At the time, Cisco’s newly formed optical networking team identified fifteen other PUDs that could’ve brought an additional $30M of business during 2001. Many did, despite the looming telecom meltdown. Basic telecom services for a state’s residents, it seems, have always been a top priority. To wit, today’s prevalence of WiFi hotspots that dot almost every corner of our mobile lives and facilitate broadband access.
So what has changed since 2000? How has “High Speed” evolved?
NoaNet communicated some of these evolutionary changes, based on FCC reports, in its December 2015 newsletter:
FCC in 2000:
“About 2.8 million of high-speed lines provided speeds of over 200 kbps in both directions, and thus met the FCC's definition of advanced services.”
FCC in 2015:
“The FCC established a short term goal for broadband in schools of 100 Mbps per 1000 users, and a long term goal of 1 Gbps per 1000 users.”
That’s a 500-times increase in speed. Clearly video streaming plays a big part in this increase.
FCC in 2000:
“While broadband Internet access is growing rapidly, the vast majority of consumers continue to surf the Internet using dial-up connections that transmit data at a maximum of 56 kbps.”
FCC in 2015:
“The FCC updated its broadband benchmark speeds to 25 Mbps for downloads and 3 Mbps for uploads.”
That’s an almost 450-times increase in download speed. Clearly large file transfers are driving this “need for speed.”
Besides these “techie” aspects, NoaNet reported on some impacts of their high-speed technology: “High School graduation rates are about 7% higher in areas where students have widespread access to broadband internet access at home.”
Another data point favors the small business entrepreneur: “Small-Medium businesses who increase their digital utilization by 10% show an average 24% increase in revenue and a 7% decrease in costs by streamlining business processes.” This, in turn, leads to higher economic growth, as measured by GDP. Communities without access to a fiber network and gigabit broadband lag those that have such access and continue to invest in their telecom infrastructure.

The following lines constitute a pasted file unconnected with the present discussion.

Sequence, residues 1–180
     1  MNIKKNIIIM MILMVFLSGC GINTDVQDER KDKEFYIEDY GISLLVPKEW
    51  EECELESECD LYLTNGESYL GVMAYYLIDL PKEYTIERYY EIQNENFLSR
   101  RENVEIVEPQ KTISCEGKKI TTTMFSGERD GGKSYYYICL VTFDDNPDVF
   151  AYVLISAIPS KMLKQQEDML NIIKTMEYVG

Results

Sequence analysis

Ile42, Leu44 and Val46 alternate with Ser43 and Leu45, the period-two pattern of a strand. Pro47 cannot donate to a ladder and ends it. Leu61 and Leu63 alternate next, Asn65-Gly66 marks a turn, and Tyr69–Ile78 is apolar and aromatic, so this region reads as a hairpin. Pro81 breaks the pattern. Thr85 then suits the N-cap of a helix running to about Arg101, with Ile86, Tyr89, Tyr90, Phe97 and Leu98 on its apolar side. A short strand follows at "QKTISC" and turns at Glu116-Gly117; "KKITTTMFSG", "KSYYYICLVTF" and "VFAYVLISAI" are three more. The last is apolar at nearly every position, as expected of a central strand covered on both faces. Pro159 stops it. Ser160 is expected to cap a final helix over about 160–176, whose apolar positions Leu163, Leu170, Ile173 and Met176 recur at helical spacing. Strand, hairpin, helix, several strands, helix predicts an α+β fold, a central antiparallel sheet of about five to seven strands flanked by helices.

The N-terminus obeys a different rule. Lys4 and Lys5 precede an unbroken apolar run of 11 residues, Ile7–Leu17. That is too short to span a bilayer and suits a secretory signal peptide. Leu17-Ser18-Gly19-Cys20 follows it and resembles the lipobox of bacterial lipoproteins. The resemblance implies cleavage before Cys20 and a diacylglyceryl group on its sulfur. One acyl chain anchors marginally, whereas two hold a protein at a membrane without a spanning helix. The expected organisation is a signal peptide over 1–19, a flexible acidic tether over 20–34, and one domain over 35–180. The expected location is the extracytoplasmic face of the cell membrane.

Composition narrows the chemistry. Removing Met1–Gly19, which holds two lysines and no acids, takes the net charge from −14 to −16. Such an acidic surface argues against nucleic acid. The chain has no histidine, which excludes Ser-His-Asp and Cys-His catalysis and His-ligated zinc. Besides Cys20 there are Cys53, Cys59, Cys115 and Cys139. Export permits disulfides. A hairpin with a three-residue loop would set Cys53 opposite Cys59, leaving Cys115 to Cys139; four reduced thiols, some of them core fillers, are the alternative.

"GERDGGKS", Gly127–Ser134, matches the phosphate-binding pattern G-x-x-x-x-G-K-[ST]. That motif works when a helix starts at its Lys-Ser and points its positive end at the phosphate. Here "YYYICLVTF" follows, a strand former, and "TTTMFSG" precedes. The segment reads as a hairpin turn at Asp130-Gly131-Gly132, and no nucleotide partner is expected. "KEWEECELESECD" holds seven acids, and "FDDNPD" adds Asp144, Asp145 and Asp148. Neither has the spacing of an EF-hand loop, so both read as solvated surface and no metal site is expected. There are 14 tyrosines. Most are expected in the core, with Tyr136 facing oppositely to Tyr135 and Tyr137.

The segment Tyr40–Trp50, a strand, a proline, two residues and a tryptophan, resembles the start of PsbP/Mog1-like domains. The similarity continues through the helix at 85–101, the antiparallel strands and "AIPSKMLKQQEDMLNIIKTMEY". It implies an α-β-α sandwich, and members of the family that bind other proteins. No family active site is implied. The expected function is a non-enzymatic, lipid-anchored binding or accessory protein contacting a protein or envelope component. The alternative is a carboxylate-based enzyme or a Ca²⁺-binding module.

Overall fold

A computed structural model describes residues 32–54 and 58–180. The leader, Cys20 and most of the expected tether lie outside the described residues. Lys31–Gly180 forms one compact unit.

NoaNet is one such fiber backbone carrier, working with retail service providers to deliver finished services to end users. As a wholesaler of gigabit services in 2016, NoaNet touts, on its website, that it is an “open-access broadband network that provides reliable high-speed connectivity throughout Washington state. Our service makes life more livable, businesses more productive, jobs more plentiful, and the Internet more accessible for thousands of residents and organization.”
Other Reports Substantiate NoaNet’s Assertions
A Fiber to the Home (FTTH) Council Americas study, conducted by RVA in 2016, says that the availability of fiber-optic broadband access to apartments can add 11 percent to the landlord’s net income per average apartment unit. A similar economic study, conducted by the University of Colorado at Boulder and Carnegie Mellon University in 2015, indicated availability of a gigabit-rate FTTH connection can add up to 3.1 percent to the value of a home, which equates to an extra $5,437 for a typical home.
I’m glad to see that Cerent and Cisco helped NoaNet pioneer their offerings across Washington State during the early 2000s, as well as many other PUDs. This innovation ultimately led to an increase in value of not only a service provider’s infrastructure, but also an end users’ cash flow or asset.
Now it’s time for other states to “step up” the speeds and increase the quality of their telecom infrastructure.